My Top 5 Med/Heavy Games: "Djinns in Mechs Deliver Cattle to Upgrade the LSS for Perks"
Before you read any further: Did you already figure out which games I'm about to list? I've added some clues in the title (in no particular order), so venture a guess now if you'd like to play along!
Ok, read on – and let's see how many you have correct! 🙂
5.) #Five Tribes
How appropriate that this one lands at number five. There is so much to love here! The game plays great at all player counts, with highlights for different reasons at each. At four players, you're competing against the most minds, with the most resistance to what you want to do: more competition for player order, Djinns, and (most importantly) that specific action/tile you see which you hope 🤞no one else sees… (But they do. You know they do, right?!) At three players, your turn comes faster, but at two players it comes faster yet – and sometimes twice in a row now that each player gets two turns each round. So, if you have back-to-back turns, it is possible during your first turn to set yourself up for an even bigger second turn. The core "Mancala" mechanism is such a treat, a pure joy to execute. When you can pull off the "perfect move," scoring tons of points and perhaps chaining a series of actions/bonuses together into a glorious crescendo, it somehow fills you with more of the warm-and-fuzzy feels than any other game I can think of. Moreover, when you hear your opponents groan in dismay as you reach for the exact meeples they had planned to use, it all gets even better. The randomized setup of tiles, meeples, and Djinns all alow for near-infinite game states (read: high replayability), and that's not even mentioning the vast expansion content/modules available. Six years later, Five Tribes more than holds its own and earns a well-deserved five-spot on this list. Thanks, Bruno!
This game… Just. Looks. Awesome. The table presence is incredible, with its massive alternate-history 1920s map sprawling out from the factory, speckled with lakes, rivers, and plenty of different territories to be claimed. What? Area control isn't really your thing? No fear, my friend – build Mechs to unlock unique abilities for your faction, then send your machines across the land and engage in battle against your opponents. Oh, direct conflict isn't your style? In that case, press on and reap the benefits of the land. Use your workers to gain resources, construct buildings, upgrade your actions, and send your leader into fun(ny) Encounters in which you'll choose your own destiny (and rewards). Become a favorite of the people for a bigger score multiplier. Perhaps you'll even add recruits who earn you bonuses for the actions your neighbors take on their turns. If you haven't noticed, there are so many ways to score points, and therefore so many paths to victory, Scythe uniquely puts "it all" in one game, and does it well – a nearly impossible feat. Moreover, Scythe presents all this inside a stunningly gorgeous world constructed by illustrator Jakub Różalski. Want more? (You will.) Grab the expansions to add Airships (but not the kind you're thinking), alternate victory conditions, more factions, more Encounters, and even an 8-game campaign that's jam-packed with unlocks, surprises, and 11 new modules for your future games. Replayability? Chhyeah. And I'd be remiss if I didn't mention the insanely-great digital version available on Steam, which brings the base game (and a bit more) to the PC and Mac for local and online multiplayer, solid AI players, plenty of settings/options, and lots of eye candy you're sure to appreciate. (Ahem. Virtual miniature painting for all pieces… Ahem.) What an excellent way to keep the plays of this great game going strong during, say, a worldwide pandemic.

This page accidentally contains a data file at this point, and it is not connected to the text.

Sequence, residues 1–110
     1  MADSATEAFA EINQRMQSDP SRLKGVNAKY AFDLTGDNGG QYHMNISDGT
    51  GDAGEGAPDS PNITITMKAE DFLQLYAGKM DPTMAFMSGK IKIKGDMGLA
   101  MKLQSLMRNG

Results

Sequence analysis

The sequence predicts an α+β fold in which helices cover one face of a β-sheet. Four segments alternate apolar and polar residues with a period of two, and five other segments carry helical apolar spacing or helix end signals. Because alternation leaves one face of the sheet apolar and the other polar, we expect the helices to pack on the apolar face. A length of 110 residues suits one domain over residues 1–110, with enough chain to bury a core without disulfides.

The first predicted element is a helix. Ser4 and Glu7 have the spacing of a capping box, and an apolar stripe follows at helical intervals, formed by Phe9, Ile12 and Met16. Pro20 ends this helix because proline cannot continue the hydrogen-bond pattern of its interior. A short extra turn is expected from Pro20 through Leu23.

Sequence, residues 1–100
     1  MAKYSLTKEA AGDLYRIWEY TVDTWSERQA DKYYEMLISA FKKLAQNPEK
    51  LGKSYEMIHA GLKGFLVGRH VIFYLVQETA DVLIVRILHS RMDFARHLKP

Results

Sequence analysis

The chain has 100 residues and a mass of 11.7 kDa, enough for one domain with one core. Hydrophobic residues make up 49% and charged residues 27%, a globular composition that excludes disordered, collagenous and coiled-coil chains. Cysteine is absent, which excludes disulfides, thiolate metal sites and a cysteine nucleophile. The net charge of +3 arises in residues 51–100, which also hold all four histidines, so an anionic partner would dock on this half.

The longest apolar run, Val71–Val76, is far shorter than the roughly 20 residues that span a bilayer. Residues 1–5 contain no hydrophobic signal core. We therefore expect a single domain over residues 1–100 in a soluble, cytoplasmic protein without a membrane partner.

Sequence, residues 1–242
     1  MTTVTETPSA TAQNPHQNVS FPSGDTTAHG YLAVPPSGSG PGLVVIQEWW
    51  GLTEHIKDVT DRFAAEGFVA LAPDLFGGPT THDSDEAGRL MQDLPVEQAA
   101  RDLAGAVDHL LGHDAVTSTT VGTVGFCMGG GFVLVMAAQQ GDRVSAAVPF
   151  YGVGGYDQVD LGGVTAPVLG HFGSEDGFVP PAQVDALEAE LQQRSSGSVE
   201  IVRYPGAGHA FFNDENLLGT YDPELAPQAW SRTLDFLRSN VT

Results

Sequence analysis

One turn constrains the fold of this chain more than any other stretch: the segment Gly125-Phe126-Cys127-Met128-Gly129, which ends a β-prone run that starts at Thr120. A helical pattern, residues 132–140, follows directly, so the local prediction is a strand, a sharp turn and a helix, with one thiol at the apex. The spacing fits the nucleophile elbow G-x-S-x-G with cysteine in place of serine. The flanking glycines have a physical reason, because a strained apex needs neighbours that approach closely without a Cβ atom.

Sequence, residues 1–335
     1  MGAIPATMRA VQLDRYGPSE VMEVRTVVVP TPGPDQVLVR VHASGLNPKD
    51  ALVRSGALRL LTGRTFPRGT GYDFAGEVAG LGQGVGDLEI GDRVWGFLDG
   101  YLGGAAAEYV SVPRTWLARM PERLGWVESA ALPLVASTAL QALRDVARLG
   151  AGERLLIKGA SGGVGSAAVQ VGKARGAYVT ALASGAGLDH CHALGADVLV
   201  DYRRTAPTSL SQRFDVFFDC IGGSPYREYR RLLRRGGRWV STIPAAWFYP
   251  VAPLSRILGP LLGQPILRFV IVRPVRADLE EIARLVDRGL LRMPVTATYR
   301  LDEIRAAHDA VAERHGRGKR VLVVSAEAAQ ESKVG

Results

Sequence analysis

What can I say about this cooperative, Euro-style, dungeon-crawling, (hyphen-laden) behemoth that hasn't already been said? To quote SNL's Stefon, "It. Has. Everything." I won't spend too much time gushing over the details as to why this ticks so many boxes for me (and many others). Suffice it to say, it's just absolutely brilliant in every single thing it aims to accomplish: An ever-changing, yet persistent world; unique scenarios that aren't always what you'd expect (or have seen before); collaboration, but with just the appropriate dash of personal goals and self-serving accomplishments to add tension between the party (you are all mercenaries, after all!); a trope-free class system, with continual player level-ups, upgrades, and retirement with character unlocks to keep things exciting; a fresh take on battling enemies using (upgradeable) card decks instead of dice; an interesting and branching story that lets you choose where you'll go next; and so, so much more. I could go on for hours. This colossal, 20-pound game (its physical weight, not its British pricetag) is stuffed so full of content – great content! – that it offers the average player actual years of enjoyment, and that's assuming the plays are hours-long sessions of at least once-a-week frequency! What other game inspires its owners to declare, "I shall clear an entire Kallax cubicle just for you, lest your sheer volume pancake any other precious titles in my collection!" Best of all, I find no bloat in all this content. Each nuance has been so lovingly crafted to remain cohesive and mechanically sound, so that seasoned gamers (and un-seasoned alike) will find plenty to enjoy – even if not typically attracted to "this type of game." And no replayability concerns here! In spite of the fact that you could never see the entire story or unlock all the content on the first go-round, there is still an expansion, a critically-acclaimed prequel, and a Kickstarter-record-holding sequel, all of which introduce many more pounds of the same great stuff. All this content should collectively last you until the end of the 21st century. That should also be enough time for mankind to put an astronaut…